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Lab Invest. 2010 May;90(5):665-73. doi: 10.1038/labinvest.2010.51. Epub 2010 Mar 15.

In vivo and in vitro propagation of intraductal papillary mucinous neoplasms.

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  • 1Department of Pathology, The Johns Hopkins University School of Medicine, Baltimore, MD, USA.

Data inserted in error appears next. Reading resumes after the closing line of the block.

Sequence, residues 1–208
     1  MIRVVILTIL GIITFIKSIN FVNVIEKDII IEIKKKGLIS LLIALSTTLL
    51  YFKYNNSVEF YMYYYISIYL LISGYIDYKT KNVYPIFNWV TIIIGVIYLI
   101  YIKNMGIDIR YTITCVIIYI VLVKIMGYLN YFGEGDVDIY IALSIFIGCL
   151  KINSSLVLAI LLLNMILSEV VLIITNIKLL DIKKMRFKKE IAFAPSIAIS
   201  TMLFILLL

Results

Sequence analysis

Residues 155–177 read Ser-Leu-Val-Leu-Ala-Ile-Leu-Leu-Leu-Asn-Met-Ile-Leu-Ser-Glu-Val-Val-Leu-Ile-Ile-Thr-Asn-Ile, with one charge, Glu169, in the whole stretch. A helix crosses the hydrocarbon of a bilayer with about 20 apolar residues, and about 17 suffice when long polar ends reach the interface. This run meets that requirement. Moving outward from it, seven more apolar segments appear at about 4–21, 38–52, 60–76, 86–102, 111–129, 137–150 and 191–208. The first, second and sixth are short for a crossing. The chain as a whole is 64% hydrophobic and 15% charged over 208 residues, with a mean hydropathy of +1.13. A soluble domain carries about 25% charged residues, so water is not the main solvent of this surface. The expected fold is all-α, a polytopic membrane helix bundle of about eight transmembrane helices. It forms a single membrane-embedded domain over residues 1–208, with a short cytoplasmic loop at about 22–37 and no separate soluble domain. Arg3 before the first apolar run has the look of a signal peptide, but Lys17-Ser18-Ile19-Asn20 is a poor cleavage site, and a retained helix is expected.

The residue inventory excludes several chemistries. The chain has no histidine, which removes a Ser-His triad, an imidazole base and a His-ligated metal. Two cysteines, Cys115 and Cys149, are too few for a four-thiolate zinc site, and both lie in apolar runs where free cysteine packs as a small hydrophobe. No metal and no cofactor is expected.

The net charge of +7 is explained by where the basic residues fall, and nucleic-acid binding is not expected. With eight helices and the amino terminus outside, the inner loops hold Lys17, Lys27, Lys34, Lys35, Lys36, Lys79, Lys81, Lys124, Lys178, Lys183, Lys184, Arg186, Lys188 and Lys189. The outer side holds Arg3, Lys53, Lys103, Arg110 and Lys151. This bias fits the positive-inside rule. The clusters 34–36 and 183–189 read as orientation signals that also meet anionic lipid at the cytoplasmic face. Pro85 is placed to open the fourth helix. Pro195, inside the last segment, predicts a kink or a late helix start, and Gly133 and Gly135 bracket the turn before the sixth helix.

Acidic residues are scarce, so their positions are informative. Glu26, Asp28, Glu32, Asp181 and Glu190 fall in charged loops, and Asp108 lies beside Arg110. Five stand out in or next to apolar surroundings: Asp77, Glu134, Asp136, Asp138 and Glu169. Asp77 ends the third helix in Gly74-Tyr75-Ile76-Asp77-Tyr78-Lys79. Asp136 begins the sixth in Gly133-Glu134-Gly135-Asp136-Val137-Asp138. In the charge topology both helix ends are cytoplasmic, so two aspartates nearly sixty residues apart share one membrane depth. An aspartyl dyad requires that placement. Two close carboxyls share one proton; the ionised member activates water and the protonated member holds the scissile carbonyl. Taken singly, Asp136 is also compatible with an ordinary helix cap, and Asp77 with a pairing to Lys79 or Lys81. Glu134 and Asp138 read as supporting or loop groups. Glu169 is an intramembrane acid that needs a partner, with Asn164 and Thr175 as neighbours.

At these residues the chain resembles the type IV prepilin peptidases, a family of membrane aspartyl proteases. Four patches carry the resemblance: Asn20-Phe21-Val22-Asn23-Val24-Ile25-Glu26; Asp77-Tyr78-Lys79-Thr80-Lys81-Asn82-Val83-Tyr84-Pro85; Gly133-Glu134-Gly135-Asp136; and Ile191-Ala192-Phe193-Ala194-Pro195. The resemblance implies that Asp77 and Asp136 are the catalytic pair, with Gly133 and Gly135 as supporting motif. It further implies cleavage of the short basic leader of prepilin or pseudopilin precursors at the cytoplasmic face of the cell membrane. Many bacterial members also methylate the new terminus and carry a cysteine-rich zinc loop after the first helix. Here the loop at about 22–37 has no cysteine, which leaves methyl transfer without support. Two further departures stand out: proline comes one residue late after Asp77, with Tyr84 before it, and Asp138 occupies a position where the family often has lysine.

Intraductal papillary mucinous neoplasms (IPMNs) are one of the three known curable precursor lesions of invasive pancreatic ductal adenocarcinoma, an almost uniformly fatal disease. Cell lines from IPMNs and their invasive counterparts should be valuable to identify gene mutations critical to IPMN carcinogenesis, and permit high-throughput screening to identify drugs that cause regression of these lesions. To advance the study of the biological features of IPMNs, we attempted in vivo and in vitro growth of selected IPMNs based on the hypothesis that IPMNs could be grown in the most severely immunodeficient mice. We examined 14 cases by implanting them into nude, severe combined immunodeficient (SCID), and NOD/SCID/IL2Rgamma(null) (NOG) mice, in addition to direct culture, to generate tumor xenografts and cell lines. One sample was directly cultured only. Thirteen tumors were implanted into the three types of mice, including 10 tumors implanted into the triple immunodeficient NOG mice, in which the majority (8 of 10) grew. This included five IPMNs lacking an invasive component. One of the explanted IPMNs, with an associated invasive carcinoma, was successfully established as a cell line. Tumorigenicity was confirmed by growth in soft agar, growth in immunodeficient mice, and the homozygous deletion of p16/cdkn2a. Epithelial differentiation of the cell line was documented by cytokeratin expression. Patient origin was confirmed using DNA fingerprinting. Most non-invasive IPMNs grow in NOG mice. We successfully established one IPMN cell line, and plan to use it to clarify the molecular pathogenesis of IPMNs.

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